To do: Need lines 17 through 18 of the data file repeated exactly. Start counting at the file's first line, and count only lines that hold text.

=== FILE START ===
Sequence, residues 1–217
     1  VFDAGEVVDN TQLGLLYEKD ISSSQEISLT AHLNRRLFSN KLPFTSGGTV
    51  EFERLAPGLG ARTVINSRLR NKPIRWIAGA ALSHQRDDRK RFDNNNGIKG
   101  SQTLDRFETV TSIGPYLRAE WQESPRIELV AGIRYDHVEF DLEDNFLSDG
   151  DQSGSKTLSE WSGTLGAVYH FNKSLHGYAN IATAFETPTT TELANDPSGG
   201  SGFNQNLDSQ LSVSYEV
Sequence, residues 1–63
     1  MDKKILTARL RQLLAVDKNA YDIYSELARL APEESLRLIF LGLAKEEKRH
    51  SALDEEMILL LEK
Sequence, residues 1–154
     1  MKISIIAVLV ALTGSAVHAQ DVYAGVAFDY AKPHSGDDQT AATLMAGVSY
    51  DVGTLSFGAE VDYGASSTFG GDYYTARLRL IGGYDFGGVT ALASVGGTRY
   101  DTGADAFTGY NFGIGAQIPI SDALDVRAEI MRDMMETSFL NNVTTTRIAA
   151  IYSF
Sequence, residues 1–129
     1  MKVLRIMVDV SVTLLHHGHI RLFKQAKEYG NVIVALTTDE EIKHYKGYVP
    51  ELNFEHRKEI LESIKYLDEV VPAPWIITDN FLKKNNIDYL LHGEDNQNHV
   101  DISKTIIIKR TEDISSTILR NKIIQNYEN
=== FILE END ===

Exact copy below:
    51  ELNFEHRKEI LESIKYLDEV VPAPWIITDN FLKKNNIDYL LHGEDNQNHV
   101  DISKTIIIKR TEDISSTILR NKIIQNYEN